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PhysicalQuantifier

Classes for representing and manipulating physical quantities (numbers with units).

Written by Alex Reisner (alex@alexreisner.com).

Summary

In scientific and engineering applications there is often a need to work with numbers that represent actual real-world things. Quantities (like 42) become “physical” when we attach units to them (like meters or pounds). They then represent properties of real objects like time, mass, length, temperature, etc. PhysicalQuantifier allows your numbers to retain their “physicality” whether they're stored in a database, loaded into memory, or manipulated mathematically and combined with other quantities of like and unlike units. It also facilitates easy conversion between units of different measurement systems.

PhysicalQuantifier is no longer actively maintained.

Installation

Install PhysicalQuantifier from the Git repository with the Rails plugin script:

script/plugin install git://github.com/alexreisner/physical_quantifier.git

or outside of Rails without the plugin script:

git clone git://github.com/alexreisner/physical_quantifier.git

Calculations and Conversions

Examples of basic usage:

# Define some physical quantities.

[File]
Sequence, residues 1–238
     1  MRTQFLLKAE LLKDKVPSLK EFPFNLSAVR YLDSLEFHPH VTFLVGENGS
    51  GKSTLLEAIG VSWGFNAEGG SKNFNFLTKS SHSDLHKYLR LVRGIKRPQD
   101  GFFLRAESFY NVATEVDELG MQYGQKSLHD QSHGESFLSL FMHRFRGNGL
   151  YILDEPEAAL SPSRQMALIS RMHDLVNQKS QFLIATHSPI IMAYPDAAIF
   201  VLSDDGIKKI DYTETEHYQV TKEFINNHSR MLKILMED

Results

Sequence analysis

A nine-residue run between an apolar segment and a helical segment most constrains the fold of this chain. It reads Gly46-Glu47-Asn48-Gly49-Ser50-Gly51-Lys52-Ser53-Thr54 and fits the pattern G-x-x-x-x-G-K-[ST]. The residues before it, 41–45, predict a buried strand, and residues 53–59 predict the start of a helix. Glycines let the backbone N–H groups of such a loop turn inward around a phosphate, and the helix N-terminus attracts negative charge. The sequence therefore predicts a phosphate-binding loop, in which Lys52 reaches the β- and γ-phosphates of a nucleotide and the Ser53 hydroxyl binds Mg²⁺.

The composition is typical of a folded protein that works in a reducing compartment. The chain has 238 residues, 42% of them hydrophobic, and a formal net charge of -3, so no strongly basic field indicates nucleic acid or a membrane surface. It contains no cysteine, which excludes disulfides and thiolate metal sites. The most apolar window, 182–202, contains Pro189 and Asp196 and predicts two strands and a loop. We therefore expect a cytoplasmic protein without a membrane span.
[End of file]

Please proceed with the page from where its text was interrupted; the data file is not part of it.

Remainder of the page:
dist = PhysicalQuantity.new(53.125, :m) # 53.125 meters
time = PhysicalQuantity.new( 4.25,  :s) #  4.250 seconds

# Calculate a rate.
speed = dist / time
speed.to_s
  => "12.5 m/s"

# Convert to different units.
speed.convert_to(:km => 1, :h => -1)
speed.to_s
  => "0.125 km/hr"

# Compare to another rate (with different but compatible units).
old_speed = PhysicalQuantity.new(2.1, {:m => 1, :s => -1) # 2.1 m/s
speed > old_speed
  => true

# Display with HTML formatting.
accel = PhysicalQuantity.new(48, :m => 1, :s => -2) # 48 m/s^2
accel.to_s(:html)
  => "48 m/s<sup>2</sup>"

# Define custom unit (femtometer = meter x 10^-15).
Unit.new :fm, 'femtometer', :m, 1e-15
# You can now use femtometers in calculations, conversions, etc.

Model Integration

To add physical quantities to your existing Rails model (make raw numbers stored in your database “physical”):

extend PhysicalQuantifier physical_quantity 'mm', :depth, :width, :thickness physical_quantity 'mm^2', :coating_area, :surface_area physical_quantity 'dm^4', :second_moment_of_area_x, :second_moment_of_area_y physical_quantity 'kg/m', :weight_per_length

The above declarations will add methods like these to your model, which will return PhysicalQuantity objects instead of raw numbers:

depth_qty
width_qty
thickness_qty
...

If you'd prefer to have your default getter methods return PhysicalQuantity objects, place this declaration after you extend your model and before you declare your physical quantities:

getters_return_physical_quantities

This will cause the default getter methods (depth, width, thickness, etc) to return PhysicalQuantity objects, and define these methods for accessing the raw numbers stored in your database:

raw_depth
raw_width
raw_thickness
...

To-do List

  • Add MeasurementSystem class.

  • Add rounding option to to_s method.

  • Add support for a “displayable” unit symbol for use in to_s method.

Copyright © 2008 Alex Reisner (alex@alexreisner.com), released under the MIT license.

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